President's bodyguards questioned Chief justice upholds Starr's right to query Secret Service agents

Hurried before grand jury

Special prosecutor says he expects to get 'sensitive information'

July 18, 1998|By Lyle Denniston and Susan Baer | Lyle Denniston and Susan Baer,SUN NATIONAL STAFF Sun staff writer David L. Greene contributed to this article.

WASHINGTON -- Denied legal protection by Chief Justice William H. Rehnquist, Secret Service bodyguards for President Clinton obeyed subpoenas yesterday and began answering prosecutors' questions about Monica Lewinsky.

As Secret Service agents for the first time testified against their will to a grand jury, the protective force that prides itself on being nearly invisible found itself in the full glare of the media spotlight at the end of a feverish week of court activity.

With independent counsel Kenneth W. Starr prevailing in the Supreme Court in a legal bout with the Secret Service that began in late January, three of the eight subpoenaed agents and officers went before a grand jury, including one retired agent.

Starr was so determined to exploit his victory that he used the all-purpose grand jury sitting yesterday rather than the usual Lewinsky grand jurors, who are not due to meet until Tuesday.

Larry L. Cockell, the head of Clinton's security detail, who had been at the center of this week's sometimes heated court fight, reported to the U.S. Courthouse yesterday and waited all afternoon but was never called to testify.

Cockell's lawyer, John Kotelly, said he did not know when his client would be asked to return. Another lawyer representing other agents said some of the eight are likely to be called back Tuesday.

It was unknown whether any testimony yesterday met Starr's expectations that the officers would relate evidence of the "highest relevance" about whether the president had a sexual relationship with Lewinsky when she was a White House intern.

Starr is investigating whether Clinton lied under oath in denying such a relationship and encouraged Lewinsky to lie about it, too.

In a secret filing with the Supreme Court yesterday, Starr notified Rehnquist of the kinds of evidence he thought the agents could supply. Publicly, Starr said, without elaboration, that the secret filing "includes extraordinarily sensitive information."

In another document, Starr declared that he has "information that Secret Service personnel may have observed evidence of possible crimes while stationed in and around the White House complex."

Rehnquist's order allowing the agents to be questioned came after two lower courts had turned down the Secret Service's challenge to Starr, with no judges dissenting.

That issue, though, is not dead. Rehnquist and his colleagues have not yet acted on the Secret Service's pending appeal asking the justices to create a new rule that agents cannot be forced to testify about what they observe when protecting the president.

Rehnquist, in fact, said he assumed that the court would agree to hear that issue later.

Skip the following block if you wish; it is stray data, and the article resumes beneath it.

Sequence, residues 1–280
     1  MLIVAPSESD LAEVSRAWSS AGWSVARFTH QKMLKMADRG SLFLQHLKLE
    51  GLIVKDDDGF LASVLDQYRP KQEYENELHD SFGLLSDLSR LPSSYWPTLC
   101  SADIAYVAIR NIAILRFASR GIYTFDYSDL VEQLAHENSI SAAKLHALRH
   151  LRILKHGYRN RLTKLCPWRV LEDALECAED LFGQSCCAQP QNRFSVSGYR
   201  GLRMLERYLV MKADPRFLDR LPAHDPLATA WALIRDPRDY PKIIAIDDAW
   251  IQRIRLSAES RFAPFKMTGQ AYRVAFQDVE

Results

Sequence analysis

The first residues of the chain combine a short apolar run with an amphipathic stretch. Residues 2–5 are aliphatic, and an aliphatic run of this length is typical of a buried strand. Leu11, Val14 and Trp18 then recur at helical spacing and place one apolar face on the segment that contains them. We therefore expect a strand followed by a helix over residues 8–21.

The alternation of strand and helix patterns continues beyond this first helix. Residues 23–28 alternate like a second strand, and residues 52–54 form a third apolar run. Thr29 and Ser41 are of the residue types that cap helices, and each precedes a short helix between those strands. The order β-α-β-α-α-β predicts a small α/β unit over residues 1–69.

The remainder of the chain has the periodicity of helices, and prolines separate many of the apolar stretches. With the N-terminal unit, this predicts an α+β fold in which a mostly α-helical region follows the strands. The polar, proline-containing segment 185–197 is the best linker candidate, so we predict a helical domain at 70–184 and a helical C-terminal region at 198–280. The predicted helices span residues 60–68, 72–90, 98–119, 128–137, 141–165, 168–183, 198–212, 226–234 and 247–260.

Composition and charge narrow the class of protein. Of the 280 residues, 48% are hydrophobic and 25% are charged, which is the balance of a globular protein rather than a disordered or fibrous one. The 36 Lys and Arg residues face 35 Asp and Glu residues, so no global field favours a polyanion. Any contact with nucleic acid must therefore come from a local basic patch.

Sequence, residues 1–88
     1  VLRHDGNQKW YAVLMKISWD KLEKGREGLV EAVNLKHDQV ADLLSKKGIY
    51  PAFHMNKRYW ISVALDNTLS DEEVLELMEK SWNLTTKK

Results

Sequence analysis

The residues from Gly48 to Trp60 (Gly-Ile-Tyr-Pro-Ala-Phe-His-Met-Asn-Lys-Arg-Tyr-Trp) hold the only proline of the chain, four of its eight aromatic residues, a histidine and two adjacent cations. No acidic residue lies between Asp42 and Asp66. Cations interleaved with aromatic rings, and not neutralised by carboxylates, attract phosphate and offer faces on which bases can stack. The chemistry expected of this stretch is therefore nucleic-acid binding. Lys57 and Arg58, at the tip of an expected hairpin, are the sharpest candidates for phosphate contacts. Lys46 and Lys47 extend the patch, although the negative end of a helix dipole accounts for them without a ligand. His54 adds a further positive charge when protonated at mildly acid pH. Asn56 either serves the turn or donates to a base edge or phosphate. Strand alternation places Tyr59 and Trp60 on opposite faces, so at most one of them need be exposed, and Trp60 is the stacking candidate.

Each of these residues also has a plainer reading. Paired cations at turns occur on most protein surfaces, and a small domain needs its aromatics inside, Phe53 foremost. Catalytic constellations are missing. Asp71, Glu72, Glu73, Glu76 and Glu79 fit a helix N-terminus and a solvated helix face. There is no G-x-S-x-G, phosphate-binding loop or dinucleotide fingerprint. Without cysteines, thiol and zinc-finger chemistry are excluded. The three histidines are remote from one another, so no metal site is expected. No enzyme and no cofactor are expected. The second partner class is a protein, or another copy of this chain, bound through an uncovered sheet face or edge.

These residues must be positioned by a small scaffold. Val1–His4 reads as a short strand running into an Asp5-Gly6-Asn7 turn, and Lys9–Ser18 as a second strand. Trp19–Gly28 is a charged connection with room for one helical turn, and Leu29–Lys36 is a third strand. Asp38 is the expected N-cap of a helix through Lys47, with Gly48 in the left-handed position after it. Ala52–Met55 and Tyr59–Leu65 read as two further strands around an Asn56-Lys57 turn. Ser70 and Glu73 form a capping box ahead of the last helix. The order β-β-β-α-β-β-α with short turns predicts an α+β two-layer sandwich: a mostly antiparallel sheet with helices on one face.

"This case is obviously not a run-of-the-mine dispute," he said, because it may affect "the safety and protection of the president" and the scope of a grand jury probe of the president.

But, the chief justice went on, he believed the Secret Service would ultimately lose that appeal. "I believe my view would be shared by a majority of my colleagues," Rehnquist added.

He said the federal appeals court was right in refusing to establish any bar to agents' forced testimony.

No 'irreparable' harm

For now, Rehnquist refused to postpone the bodyguards' testimony. He said in a two-page order that he doubted that any harm resulting from their appearances would be "irreparable" -- a standard he said the Secret Service had to meet to gain a delay.

Rehnquist acted alone on the delay issue, rather than sharing the decision with his eight colleagues. He said several of them were out of the country.

The Secret Service could have renewed its request for a delay with another justice after Rehnquist acted but opted not to do so.

The White House did not respond to yesterday's actions, but Clinton, before leaving on a trip to Little Rock, Ark., defended the position taken by the Justice Department that Secret Service agents should be granted a right not to testify against their will.

"This was a decision that came out of the Secret Service, about which they feel very strongly," Clinton said. "And these people risk their lives to protect me and other presidents in a professional way, not a political way.

"And they have strong convictions. They have manifested those convictions. The attorney general has determined that there is sufficient legal merit in their position that they ought to be represented."

Though he won yesterday, Starr is not necessarily free from all complications as he moves ahead with the forced questioning of the presidential bodyguards.

Testimony by an agent or a uniformed White House guard could be disrupted by sideline fights over exactly what questions they would be willing to answer.

Among questions they apparently are prepared to refuse to answer, according to one of their lawyers, are any that involve "military and state secrets" or that might intrude on Clinton's right to discuss his legal affairs confidentially with his private attorneys.

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